While it sounds like I’m painting a picture of jazz school utopia, I’ll admit that not everything is ideal. Aside from tuition and the costs associated with getting myself here, the cost of living here is incredibly high, even compared to many other places in Europe. The first pint I had after landing in Finland was a local brew…and I paid €8 ($11CAN–granted, I unknowingly picked a pricey pub!) Musically speaking, the jazz program at the Sibelius Academy is quite small–around 30 students–which is nice and intimate, but it means that they don’t have any large ensembles, and they currently have a surplus of pianists and drummers, so not everyone is guaranteed a small ensemble either. There are actually no trombonists and only one trumpeter and one other guitarist enrolled in the program at the moment (excluding other exchange students).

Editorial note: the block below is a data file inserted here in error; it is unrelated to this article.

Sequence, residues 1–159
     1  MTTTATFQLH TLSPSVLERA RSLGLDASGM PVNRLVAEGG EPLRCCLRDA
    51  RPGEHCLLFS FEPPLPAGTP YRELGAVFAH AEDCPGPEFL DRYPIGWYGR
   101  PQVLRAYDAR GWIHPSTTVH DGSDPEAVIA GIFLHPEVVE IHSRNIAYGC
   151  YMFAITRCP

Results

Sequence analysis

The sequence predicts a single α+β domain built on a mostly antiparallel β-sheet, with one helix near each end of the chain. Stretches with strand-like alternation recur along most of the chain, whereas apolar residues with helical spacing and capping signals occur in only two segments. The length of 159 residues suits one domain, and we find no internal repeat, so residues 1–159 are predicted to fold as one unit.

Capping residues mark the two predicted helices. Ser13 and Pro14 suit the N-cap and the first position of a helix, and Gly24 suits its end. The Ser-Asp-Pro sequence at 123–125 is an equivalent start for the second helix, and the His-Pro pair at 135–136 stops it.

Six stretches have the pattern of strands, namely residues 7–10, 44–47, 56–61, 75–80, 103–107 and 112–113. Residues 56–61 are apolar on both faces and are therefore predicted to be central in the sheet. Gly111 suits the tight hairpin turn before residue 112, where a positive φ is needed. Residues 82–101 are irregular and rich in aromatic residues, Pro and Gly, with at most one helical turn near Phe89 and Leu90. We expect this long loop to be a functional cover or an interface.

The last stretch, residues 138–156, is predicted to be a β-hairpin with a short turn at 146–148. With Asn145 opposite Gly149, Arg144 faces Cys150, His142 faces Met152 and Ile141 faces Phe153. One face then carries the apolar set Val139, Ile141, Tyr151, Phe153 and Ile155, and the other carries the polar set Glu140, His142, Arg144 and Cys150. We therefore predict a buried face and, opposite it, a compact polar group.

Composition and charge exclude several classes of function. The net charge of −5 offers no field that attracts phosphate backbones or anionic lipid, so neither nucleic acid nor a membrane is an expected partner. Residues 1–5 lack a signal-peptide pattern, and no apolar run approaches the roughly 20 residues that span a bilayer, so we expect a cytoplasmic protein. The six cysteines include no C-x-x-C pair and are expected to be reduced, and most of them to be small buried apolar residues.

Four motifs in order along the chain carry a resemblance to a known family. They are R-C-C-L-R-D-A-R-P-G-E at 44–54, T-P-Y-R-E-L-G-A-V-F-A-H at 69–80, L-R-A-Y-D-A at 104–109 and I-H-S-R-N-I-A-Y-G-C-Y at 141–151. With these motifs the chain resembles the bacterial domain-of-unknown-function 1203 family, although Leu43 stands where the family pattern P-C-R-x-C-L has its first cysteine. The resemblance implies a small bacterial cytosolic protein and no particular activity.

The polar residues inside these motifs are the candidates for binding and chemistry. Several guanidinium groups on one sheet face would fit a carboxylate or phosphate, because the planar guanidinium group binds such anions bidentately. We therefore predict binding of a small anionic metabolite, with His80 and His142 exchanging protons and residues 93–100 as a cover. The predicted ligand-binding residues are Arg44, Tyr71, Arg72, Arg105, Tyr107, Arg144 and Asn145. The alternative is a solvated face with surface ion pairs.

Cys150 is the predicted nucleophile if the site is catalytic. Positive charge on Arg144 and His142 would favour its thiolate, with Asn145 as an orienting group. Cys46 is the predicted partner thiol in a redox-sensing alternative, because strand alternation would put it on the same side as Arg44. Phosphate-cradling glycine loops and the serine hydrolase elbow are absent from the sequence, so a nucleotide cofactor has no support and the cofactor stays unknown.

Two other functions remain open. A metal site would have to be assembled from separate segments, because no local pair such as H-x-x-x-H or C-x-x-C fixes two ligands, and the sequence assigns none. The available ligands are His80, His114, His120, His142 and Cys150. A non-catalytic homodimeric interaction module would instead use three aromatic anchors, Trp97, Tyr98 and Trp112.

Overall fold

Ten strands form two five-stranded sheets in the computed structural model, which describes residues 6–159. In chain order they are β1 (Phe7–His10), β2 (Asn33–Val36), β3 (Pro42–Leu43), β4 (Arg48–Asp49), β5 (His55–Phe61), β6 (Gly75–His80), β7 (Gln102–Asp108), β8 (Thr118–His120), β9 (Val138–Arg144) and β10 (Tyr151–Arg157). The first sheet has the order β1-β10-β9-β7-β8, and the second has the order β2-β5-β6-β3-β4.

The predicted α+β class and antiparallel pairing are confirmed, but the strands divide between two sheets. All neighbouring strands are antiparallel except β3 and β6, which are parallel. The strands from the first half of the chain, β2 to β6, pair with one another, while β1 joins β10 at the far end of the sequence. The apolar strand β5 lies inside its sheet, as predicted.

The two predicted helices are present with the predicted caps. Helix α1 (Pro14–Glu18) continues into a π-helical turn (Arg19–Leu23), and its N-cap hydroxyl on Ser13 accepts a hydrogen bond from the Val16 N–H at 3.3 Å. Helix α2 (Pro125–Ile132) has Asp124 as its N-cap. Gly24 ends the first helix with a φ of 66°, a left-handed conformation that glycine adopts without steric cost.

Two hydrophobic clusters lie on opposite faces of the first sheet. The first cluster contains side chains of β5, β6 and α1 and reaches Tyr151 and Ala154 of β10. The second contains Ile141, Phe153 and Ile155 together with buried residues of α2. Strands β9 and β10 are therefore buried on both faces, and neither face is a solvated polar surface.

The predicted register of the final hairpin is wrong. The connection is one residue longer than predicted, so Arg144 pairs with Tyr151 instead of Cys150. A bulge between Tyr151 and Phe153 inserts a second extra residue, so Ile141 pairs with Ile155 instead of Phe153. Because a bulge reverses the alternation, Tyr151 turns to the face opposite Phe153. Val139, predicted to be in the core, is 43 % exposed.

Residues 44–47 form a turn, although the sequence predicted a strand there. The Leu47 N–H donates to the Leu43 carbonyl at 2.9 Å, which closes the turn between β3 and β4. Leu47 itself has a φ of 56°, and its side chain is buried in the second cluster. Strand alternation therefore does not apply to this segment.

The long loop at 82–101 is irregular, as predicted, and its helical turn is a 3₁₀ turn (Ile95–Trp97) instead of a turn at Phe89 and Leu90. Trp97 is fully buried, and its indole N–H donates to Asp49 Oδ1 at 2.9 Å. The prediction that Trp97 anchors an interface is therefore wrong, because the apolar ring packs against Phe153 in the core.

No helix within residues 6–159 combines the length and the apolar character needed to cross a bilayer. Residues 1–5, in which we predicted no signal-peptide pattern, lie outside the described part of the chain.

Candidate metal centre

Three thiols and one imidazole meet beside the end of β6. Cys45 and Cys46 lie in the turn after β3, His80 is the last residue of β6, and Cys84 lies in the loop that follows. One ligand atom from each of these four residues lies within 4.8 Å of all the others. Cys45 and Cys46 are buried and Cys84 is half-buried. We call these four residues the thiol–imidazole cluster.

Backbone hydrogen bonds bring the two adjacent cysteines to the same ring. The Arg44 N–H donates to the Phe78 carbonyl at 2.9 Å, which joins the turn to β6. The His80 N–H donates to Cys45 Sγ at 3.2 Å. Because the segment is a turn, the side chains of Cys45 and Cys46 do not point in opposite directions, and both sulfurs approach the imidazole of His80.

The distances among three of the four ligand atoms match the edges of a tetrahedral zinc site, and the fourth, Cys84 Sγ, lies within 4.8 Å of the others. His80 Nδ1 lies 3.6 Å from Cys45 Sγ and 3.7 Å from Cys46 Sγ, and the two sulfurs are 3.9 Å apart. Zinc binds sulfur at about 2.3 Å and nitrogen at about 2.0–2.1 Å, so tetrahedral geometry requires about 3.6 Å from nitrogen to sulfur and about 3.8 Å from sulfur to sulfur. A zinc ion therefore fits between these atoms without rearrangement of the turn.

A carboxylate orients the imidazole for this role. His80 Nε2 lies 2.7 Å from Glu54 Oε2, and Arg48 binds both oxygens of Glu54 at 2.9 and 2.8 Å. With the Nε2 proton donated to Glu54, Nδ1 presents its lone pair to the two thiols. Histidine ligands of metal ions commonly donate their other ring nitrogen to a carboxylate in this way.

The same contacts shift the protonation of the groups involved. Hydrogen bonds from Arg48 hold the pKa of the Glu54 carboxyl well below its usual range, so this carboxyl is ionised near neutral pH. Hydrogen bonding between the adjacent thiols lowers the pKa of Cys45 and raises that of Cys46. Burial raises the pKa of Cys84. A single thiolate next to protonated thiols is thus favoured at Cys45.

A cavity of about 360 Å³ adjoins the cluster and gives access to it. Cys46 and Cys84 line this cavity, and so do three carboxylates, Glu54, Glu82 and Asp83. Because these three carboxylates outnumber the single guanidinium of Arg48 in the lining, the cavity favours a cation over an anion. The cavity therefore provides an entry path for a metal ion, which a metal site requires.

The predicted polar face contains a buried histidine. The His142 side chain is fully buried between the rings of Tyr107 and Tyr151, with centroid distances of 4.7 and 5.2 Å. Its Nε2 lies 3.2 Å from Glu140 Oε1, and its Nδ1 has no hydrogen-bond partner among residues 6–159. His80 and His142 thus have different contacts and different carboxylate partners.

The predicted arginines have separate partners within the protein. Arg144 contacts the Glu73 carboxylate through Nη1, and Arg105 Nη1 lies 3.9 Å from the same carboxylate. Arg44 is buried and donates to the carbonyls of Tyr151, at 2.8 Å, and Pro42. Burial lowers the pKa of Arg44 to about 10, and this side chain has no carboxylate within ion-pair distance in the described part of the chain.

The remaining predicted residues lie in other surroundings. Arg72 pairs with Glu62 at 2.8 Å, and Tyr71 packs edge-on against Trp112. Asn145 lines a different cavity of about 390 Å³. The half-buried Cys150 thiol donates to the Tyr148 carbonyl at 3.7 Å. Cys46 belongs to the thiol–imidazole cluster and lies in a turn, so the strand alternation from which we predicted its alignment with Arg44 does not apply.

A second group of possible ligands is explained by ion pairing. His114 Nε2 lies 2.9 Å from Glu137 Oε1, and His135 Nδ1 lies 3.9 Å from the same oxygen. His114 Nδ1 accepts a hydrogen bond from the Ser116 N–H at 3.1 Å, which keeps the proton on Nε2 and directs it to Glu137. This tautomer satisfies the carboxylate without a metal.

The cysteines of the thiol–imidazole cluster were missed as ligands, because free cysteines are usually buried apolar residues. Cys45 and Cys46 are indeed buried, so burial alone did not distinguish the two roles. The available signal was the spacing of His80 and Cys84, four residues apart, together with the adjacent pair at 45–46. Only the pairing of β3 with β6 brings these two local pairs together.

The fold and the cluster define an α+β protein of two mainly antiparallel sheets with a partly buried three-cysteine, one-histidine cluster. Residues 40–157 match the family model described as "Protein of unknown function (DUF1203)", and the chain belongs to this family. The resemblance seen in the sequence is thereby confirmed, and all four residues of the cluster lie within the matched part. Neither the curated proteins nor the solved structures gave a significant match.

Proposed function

Also, the jam session culture seems to be very different than what I am accustomed to. At U of T, it is never an issue to knock on the door of another practice room and play a few tunes as a duo or trio. Here it seems more common that people only get together to play when they’ve decided on it in advance, and when an entire group has been put together. I set up a session with two German exchange students (trombone and 5-string upright bass, no big deal), and was met with surprise from some Finnish musicians when I mentioned that we played tunes without a drummer. There aren’t nearly as many performance opportunities here through the school either, which I think I maybe took for granted at U of T. I feel that performing for and playing with your peers is really important in order to build a supportive community, and those are perhaps a few aspects that are lacking in this school environment. Perhaps it’s too early to say.

I’ll do my best to send updates periodically to report on musical happenings at the Academy and in Helsinki, but please feel free to contact me with any questions about Finland, going on exchange, or if you want some more information about the Sibelius Academy. You can find me on Facebook, or keep an ear on my SoundCloud page to hear any new music I make here. All the best in the meantime!

MM